Another element of the budding #HereUsNow movement is that we are excited by politics beyond the elections. Many innovative campaigns and projects will emerge this fall that represent a multiplicity of approaches to political engagement in the wake of the 2012 Presidential elections. 99Rise, an organization coming out of Occupy Los Angeles and other movement-building efforts on the West Coast, is attempting to “restore Congress” to one that is held accountable to the people and not corporate money. Their campaign is built around a non-violent organizing model passed on from the Serbian revolution and, much like the Occupy efforts of last year, thousands of people from New York to California will be targeting Wall Street bankers on September 28 via mass arrests.
Ultimately, however, coordinating days of actions alone isn’t enough to challenge the crises in higher education and government corruption. Nor is only being academically well-versed in various political frameworks. Given the scope of the crisis we are facing, students and teachers desperately need to get organized. We need to create political structures that are durable and democratic. With dialogues at the Free University and elsewhere, we can begin to envision—among many possibilities—how building a NYC Student Union over the next few years can present a long-term, sustainable view committed to developing organizational solidity and capacity at a time when student union models have demonstrated considerable power in other countries. In Quebec, the resignation of Premier Jean Charest and the new premier’s announcement that the proposed tuition hikes will be rescinded, show that victory is possible when infrastructure is in place.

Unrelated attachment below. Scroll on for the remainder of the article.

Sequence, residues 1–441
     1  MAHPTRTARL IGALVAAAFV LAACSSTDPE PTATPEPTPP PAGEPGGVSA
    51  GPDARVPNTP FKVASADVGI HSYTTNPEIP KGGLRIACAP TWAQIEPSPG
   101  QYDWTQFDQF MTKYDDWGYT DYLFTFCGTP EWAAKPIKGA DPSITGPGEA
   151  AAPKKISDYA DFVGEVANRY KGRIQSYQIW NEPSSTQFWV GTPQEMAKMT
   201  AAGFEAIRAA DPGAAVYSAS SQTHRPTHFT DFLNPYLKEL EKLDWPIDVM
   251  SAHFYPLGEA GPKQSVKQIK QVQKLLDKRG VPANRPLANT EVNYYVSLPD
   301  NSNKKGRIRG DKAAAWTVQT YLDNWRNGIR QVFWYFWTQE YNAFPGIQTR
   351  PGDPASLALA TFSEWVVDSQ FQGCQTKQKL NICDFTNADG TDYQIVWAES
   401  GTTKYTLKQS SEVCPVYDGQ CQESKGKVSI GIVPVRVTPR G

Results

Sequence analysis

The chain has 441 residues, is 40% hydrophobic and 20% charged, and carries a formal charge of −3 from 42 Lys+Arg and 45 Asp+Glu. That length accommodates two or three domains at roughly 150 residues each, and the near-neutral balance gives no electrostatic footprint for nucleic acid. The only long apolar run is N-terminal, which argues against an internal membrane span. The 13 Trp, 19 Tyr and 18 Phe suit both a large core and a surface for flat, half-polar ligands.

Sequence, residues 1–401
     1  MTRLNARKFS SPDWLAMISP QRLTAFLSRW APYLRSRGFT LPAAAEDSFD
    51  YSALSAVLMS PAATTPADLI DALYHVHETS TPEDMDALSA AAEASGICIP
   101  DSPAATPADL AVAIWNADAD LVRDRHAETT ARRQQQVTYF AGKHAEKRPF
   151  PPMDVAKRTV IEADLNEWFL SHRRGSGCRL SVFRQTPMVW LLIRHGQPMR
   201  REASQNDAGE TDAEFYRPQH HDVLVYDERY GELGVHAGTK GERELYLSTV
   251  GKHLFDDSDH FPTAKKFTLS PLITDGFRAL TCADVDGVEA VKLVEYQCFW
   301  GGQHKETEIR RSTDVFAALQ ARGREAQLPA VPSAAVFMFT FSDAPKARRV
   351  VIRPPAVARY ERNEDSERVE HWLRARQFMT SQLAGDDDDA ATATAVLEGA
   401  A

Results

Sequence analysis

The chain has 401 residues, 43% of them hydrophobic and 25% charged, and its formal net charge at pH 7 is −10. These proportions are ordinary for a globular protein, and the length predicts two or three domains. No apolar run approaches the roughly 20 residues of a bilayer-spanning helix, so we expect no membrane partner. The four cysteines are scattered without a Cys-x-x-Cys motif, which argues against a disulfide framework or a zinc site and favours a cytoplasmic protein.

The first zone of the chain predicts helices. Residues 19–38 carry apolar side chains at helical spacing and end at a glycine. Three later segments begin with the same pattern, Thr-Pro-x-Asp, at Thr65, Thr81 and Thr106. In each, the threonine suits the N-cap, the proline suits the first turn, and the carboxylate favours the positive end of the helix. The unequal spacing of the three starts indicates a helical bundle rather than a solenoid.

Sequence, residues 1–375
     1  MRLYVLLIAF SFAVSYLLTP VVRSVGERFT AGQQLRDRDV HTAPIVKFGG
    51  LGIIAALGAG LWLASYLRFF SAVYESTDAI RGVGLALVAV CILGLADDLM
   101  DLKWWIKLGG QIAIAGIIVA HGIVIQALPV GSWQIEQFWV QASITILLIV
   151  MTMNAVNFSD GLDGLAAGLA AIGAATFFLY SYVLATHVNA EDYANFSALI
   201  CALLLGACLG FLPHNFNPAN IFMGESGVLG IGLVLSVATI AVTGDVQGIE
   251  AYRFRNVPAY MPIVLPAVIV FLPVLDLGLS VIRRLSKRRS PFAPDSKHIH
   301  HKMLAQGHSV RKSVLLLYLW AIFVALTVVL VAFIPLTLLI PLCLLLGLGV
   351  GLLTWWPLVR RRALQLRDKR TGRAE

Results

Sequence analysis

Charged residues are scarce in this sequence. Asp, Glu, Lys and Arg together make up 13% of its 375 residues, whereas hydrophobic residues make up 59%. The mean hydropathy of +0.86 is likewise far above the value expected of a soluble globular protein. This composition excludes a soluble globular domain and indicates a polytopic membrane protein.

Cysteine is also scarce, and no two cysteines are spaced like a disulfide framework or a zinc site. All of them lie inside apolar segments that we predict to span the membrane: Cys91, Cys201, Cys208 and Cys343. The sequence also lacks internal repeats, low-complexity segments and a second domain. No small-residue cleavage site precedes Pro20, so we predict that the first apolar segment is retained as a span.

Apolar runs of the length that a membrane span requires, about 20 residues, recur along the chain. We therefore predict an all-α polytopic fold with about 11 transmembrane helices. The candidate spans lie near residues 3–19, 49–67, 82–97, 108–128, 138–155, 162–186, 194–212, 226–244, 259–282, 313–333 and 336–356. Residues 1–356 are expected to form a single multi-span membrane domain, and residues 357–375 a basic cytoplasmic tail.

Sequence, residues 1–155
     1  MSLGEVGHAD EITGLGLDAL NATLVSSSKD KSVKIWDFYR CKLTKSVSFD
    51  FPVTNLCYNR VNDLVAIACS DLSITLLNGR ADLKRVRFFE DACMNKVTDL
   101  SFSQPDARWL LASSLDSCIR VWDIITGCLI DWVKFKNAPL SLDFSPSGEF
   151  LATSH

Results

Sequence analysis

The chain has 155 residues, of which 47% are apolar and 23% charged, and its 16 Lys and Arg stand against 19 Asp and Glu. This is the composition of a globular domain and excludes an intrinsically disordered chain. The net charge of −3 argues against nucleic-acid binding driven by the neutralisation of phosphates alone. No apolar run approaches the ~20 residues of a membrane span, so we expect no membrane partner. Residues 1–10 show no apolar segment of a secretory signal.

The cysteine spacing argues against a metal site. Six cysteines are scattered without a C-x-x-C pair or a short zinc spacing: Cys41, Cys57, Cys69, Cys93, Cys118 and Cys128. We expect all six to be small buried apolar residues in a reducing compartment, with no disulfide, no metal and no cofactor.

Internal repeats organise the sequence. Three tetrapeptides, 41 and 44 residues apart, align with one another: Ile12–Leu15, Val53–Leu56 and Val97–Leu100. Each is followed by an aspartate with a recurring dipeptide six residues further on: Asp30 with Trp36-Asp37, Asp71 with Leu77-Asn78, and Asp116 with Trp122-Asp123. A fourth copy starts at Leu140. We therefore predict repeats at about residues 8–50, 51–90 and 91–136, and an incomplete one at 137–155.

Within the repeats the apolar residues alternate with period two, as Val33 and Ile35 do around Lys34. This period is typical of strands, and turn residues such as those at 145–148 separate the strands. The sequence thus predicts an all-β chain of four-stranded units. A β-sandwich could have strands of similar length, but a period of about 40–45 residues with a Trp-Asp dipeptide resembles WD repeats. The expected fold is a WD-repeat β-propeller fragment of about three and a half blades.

Looking ahead at “American Autumn” 2.0, we will have many opportunities to patiently apply these ideas and lessons as kindling toward a slowly developing conflagration. In mid-October, Chilean student leaders Camila Vallejo and Noam Titelman will speak in NYC about their education movement’s significant new stage in contesting social power. International days of action on October 18 and November 14-21 will offer us space to express and then assess our coordinated power on campuses and in the streets.
While focusing on doing each step right, we’re also cognizant that we’re running out of time, and fast. As Nicholas Mirzoeff writes, “capitalism is choosing to drown itself rather than die.” We students and educators, on the other hand, choose to extend out a hand for people in society to save ourselves together, with inspiration from the Quebec strike, the Chilean student protests, Mexico’s #YoSoy132, and beyond. While Occupy Wall Street turns its attention towards debt as the central theme of its one year anniversary assemblies, students and educators share the forefront in constructing dynamic coalitions across the Left that can erect the new bridges we need for a sustainable future, and then get us there.